County Council hears report on ACOG projects and recognizes ACTC My Pulse Radio


During their meeting Tuesday, Anderson County Council recognized the Anderson School District 1 & 2 Career and Technology Center’s WPPB My Pulse Radio director and students and heard a report on return on investment from the Appalachian Council of Governments which brought in $4.6 million in funding for project in the County.
Council approved a resolution congratulating the ACTC’s My Pulse Radio for winning the 2023 High School Radio Station of the Year at the intercollegiate broadcasting system student media conference held in New York earlier this year.
The Media Broadcasting Program at the ACTC, under the direction of John Boone, founded WPPB, The Pulse, a broadcasting radio station created and operated by students from Wren, Palmetto, Powdersville, and Belton-Honea Path High Schools.
The program competed February 24-25 at the IBSNYC 2023 Conference at the Sheraton Times Square where WPPB students were finalists in 14 categories, won first place in four categories—Best Talk Program for “Teen Takes,” Best Radio Drama for “Whodunnit Episode 2,” Best Logo for “Mankind Unresolved,” and Best News Feature Story for “Chaos at the Well,”—and took home the top prize as Best High School Radio Station of the Year.
Council also approved resolutions honoring Lillie Vassar, Eliza Woklken and Olivia Clark of Girl Scout Troop 3324 for winning the Girl Scout Silver Award, an optional award that is the highest achievement a Cadette can earn. The three, under Troop Leader and Project Advisor Courtney Huggins, recently constructed an activity trail to promote physical activity at Midway Elementary School, coordinating donations from Lowe’s, Home Depot, and the Midway PTO to fund the project.
Council also approved a resolution honoring the memory of Lester Lowry Brock for his lifetime of extrarodinary, dedicated service to the community and country. Brock passed away on March 24, 2023.
Brock served in the United States Air Force and enjoyed a long career in the community as a contractor. Brock was an icon in the community and touched countless lives for the better as the head coach of the Crescent Elite Shooters. Family members and members of the Crescent Elite Shooters team were present to receive the honor.
Council also heard a report on Return on Investment from Steven Pelissier, Executive Director of the Appalachian Council of Governments (ACOG).
ACOG provides a range of services for local governments as they partner to build a competitive economy and promote health, livable communities that preserve area residents’ quality of life.
According to Pelissier, Anderson County invested $93,885 and saw a return on that investment of $4,661,522, a ratio of $49.65 for every $1 invested.
Funding for Anderson County included: $319,603 in Appalachian Regional Commission Grants; $1,750,000 in Community Development Block Grants; $444,500 in Rural Infrastructure Authority Grants, $55,000 in Transit Sesrvices, $400,000 for Transportation Improvements; $1,027,545 for Services to Seniors and $764,874 for Workforce Development.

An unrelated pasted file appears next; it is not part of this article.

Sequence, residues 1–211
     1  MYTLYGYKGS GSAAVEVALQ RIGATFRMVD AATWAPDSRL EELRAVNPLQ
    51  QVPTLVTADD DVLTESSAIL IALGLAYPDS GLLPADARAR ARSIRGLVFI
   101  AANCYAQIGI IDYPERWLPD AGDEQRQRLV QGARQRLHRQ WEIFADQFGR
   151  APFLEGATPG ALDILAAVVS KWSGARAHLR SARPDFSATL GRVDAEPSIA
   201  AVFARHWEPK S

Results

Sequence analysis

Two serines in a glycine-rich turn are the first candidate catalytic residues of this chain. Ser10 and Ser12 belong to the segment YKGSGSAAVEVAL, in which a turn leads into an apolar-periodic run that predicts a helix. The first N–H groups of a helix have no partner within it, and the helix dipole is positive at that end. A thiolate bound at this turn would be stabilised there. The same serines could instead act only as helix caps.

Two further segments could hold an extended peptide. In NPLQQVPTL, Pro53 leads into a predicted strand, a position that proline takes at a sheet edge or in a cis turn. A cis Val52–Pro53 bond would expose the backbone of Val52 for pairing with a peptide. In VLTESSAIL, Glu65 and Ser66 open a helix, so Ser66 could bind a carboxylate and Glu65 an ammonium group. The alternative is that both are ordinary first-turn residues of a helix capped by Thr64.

The Williamston area benefitted from three of the ACOG grants with $319,603 ARC grant for Phase 1 of the Saratoga Spring Trail; $444,500 Rural Infrastructure Authority Grant and $750,000 Community Development Block Grant (CDBG)
for water line replacement in the Mill Village.
The new Iva Library project and the Pendleton neighborhood Revitalization project each received a $500,000 CDBG grant.
Seniors in Anderson County benefitted from a variety of services including in-home help for 86 seniors; 84,378 hot, frozen and shelf-stable meals deliverted to 544 seniors; assistance with Medicare enrollment and options; answering 78 complaints of 57 cases regarding quality of care in long-term care facilities; completed 582 assessments of seniors for needed service and provided $115,934 in caregiver respite services.
ACOG also provided technical assistance including guidance on budgeting, ARPA reporting, social media policies, and human resource matters to Pelzer, West Pelzer, Belton and Pendleton.
ACOG also assisted with planning services for a comprehensive plan update for Williamston, the West Side Neighborhood plan for Pendleton and began work on the US Hwy. 29 to I-85 Corridor Study for Anderson County.
Council approved third reading on update of code enforcement relating to solid waste, unlawful disposal, dispatch and environmental enforcement to bring it inline with state law.
Council approved third reading to restrict truck traffic on Major Road and Moore Road in the Wren area.
In other business, Council unanimously approved second reading on the 2023-34 budget of $277,943,230.
Council approved second reading to amend the Code of Ordinances regarding traffic studies required of developers.
Council approved second reading on rezoning of property on Highway 76 in the Sandy Springs – Denver area. Councilman Brett Sanders recused himself from the vote because he owns property in the area. The rezoning involves an increase in the number of units of a devlopment from 176 to 250.
Council approved first reading on a fee in lieu of tax agreements for “Project Little Brother” to allow for a half million dollar offset to help cover unforeseen costs for infrastructure for a $30 million, 408,000 sq. ft. project at Exit 32.
Council also approved an expansion of a joint county industrial park related to “Project Little Brother”.
Council approved a resolution allowing an agreement with ReWa to provide sewer service South of I-85 on Hwy. 8 for a new project called “Big Brother”. ReWa already provides sewer services on the north side of Hwy. 8.